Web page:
Paul Webb’s script, exhaustively re-written from page one by DuVernay (absurdly denied a writing credit), is very similar in structure to Spielberg’s Lincoln. We are treated to the fascinating political wrangling between MLK and President Lyndon Johnson (Tom Wilkinson). Yet, unlike Lincoln, these political machinations never bog down the story. Instead, the script stays focused on the true temptation facing Dr. King; compromising his long term objectives in order to secure a short term “victory.” Selma is a film about moral progress, not political process.
In addition to Oyelowo’s Oscar-worthy performance, we are treated to a multitude of terrific supporting work. Dr. King’s inner circle, including James Bevel (Common), Diane Nash (Tessa Thompson), Amelia Boynton (Lorraine Toussaint), Bayard Rustin (Ruben Santiago-Hudson), and his wife, Coretta (Carmen Ejogo), each get a chance to prove their quality. These performances need to be deeply nuanced, for it is their belief in Dr. King that sustains his strength. Marshaling the forces of evil against them are Governor George Wallace (Tim Roth), J. Edgar Hoover (Dylan Baker) and Sheriff Jim Clark (Stan Houston). Yes, these men are transparent caricatures of bigotry, but that is exactly the point; they represent a faceless, intolerant system that will resist change until the greater society forces its compliance.
Despite its sometimes morose mood, Selma never looks anything less than striking. Costume and set design, as well as the muted cinematography, all evoke a sense of time and place that lends extra tension to the story. You never know when an idyllic setting will be suddenly shattered by ugliness, just as you’re inspired to find compassion amidst such hatred and turmoil. Normal people under extraordinary circumstances are capable of anything, and Selma uses everything at its disposal to perfectly convey that message.
This isn’t to say Selma is a perfect film. There are some questionable casting choices. Wilkinson, for instance, isn’t quite comfortable in his turn as LBJ, and Winfrey’s cameo feels very much like a producer’s perk (like Brad Pitt’s jarring appearance in last year’s 12 Years a Slave). The dialogue, too, sometimes lacks the naturalism required for proper character development. Instead, we get miniature speeches delivered at strategic moments when the script requires an emotional boost. Some of the historical facts, particularly the acrimonious relationship between MLK and LBJ, have been embellished for dramatic effect. Not only is this to be expected, it is perfectly acceptable. Selma, after all, is a cinematic experience; designed to infuriate and inspire. There are plenty of books and documentaries to glean for the facts. Selma wants to capture a moment in time, and it does so with remarkable dexterity.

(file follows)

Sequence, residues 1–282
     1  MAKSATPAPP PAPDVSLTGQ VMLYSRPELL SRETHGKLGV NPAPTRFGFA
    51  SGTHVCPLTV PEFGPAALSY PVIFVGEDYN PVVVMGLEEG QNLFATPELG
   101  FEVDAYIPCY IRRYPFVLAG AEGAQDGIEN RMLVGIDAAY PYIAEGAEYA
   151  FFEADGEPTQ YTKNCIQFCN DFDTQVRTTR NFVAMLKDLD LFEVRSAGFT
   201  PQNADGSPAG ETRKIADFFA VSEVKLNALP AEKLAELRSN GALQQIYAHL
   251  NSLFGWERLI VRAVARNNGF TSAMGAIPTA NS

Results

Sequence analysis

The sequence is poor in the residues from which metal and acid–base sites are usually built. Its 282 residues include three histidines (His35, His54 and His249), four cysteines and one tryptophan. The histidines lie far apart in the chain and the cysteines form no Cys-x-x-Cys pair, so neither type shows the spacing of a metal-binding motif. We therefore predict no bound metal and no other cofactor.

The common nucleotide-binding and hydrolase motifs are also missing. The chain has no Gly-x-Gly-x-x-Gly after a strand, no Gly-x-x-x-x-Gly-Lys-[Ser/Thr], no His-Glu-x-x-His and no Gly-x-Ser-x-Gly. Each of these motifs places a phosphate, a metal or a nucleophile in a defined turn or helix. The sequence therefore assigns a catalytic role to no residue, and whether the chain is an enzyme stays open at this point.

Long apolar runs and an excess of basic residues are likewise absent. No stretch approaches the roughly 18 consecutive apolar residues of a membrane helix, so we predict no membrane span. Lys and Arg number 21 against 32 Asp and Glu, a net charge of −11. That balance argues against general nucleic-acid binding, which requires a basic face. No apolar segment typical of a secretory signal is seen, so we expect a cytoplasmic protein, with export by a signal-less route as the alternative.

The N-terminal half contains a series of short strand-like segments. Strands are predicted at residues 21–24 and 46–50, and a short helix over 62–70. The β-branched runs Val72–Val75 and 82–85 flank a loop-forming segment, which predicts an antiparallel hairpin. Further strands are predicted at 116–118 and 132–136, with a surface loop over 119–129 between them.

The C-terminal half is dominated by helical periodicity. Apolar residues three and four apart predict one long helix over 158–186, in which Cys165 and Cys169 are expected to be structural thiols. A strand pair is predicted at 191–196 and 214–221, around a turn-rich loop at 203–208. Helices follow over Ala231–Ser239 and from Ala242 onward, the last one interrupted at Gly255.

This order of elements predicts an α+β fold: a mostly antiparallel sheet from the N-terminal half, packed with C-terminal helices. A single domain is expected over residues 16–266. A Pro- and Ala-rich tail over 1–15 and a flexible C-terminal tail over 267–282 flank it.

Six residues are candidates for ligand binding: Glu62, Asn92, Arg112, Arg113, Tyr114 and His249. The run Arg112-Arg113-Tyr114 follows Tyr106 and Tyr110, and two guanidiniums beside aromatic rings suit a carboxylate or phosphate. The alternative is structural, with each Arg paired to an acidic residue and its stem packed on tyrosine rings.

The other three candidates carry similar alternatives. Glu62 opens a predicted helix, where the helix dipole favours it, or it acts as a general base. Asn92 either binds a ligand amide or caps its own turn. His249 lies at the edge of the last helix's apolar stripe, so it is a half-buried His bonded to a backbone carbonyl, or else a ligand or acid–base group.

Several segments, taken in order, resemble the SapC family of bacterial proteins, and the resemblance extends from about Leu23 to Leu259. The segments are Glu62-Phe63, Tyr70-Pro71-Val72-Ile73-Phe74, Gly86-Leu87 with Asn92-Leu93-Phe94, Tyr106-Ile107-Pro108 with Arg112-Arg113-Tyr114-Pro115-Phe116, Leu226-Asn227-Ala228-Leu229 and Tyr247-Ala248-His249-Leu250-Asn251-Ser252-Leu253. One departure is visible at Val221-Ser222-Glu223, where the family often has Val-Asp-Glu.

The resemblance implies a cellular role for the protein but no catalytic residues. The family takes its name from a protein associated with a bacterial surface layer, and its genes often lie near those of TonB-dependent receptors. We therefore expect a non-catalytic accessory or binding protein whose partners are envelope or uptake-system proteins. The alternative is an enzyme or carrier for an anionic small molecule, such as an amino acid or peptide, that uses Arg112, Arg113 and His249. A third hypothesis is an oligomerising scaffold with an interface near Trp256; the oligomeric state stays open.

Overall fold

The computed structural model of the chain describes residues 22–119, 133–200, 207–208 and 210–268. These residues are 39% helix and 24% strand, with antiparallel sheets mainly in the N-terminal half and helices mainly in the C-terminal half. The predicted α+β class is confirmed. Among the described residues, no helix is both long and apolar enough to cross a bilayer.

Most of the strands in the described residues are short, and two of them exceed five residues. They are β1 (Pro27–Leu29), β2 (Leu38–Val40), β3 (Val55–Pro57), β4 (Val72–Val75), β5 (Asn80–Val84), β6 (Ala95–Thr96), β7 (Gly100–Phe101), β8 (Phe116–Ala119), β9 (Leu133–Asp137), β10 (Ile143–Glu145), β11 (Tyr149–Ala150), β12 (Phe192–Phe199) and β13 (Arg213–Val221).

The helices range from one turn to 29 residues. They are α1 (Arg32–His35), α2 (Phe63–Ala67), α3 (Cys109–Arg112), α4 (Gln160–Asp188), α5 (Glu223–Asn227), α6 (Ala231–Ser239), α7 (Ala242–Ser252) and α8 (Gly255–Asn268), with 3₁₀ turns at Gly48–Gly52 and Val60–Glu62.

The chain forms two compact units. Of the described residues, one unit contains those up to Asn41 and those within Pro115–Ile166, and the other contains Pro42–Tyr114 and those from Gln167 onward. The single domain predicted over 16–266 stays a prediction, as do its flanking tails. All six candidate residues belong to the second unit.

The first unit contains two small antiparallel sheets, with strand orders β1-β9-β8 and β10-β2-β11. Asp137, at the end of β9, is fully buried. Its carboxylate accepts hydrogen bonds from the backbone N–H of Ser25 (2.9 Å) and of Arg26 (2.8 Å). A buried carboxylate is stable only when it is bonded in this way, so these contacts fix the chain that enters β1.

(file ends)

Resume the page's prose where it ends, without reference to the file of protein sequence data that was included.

Yet, Selma captures much more than a moment, it captures an indomitable spirit. Kicked and beaten and bloodied, it picks itself up to face the next challenge. The Rev. Dr. Martin Luther King embodied this spirit, and so the people united behind him. Watching the recent civil unrest in Ferguson, Missouri, one is reminded of the importance of history… the importance of films like 12 Years a Slave and Selma. We are not so far removed from our shameful past of bigotry that we have the luxury of forgetting. Justice and social equality is a work in progress. Passionate, smart films like Selma serve as an urgent reminder of where we came from and, if we aren’t vigilant, where we might easily return.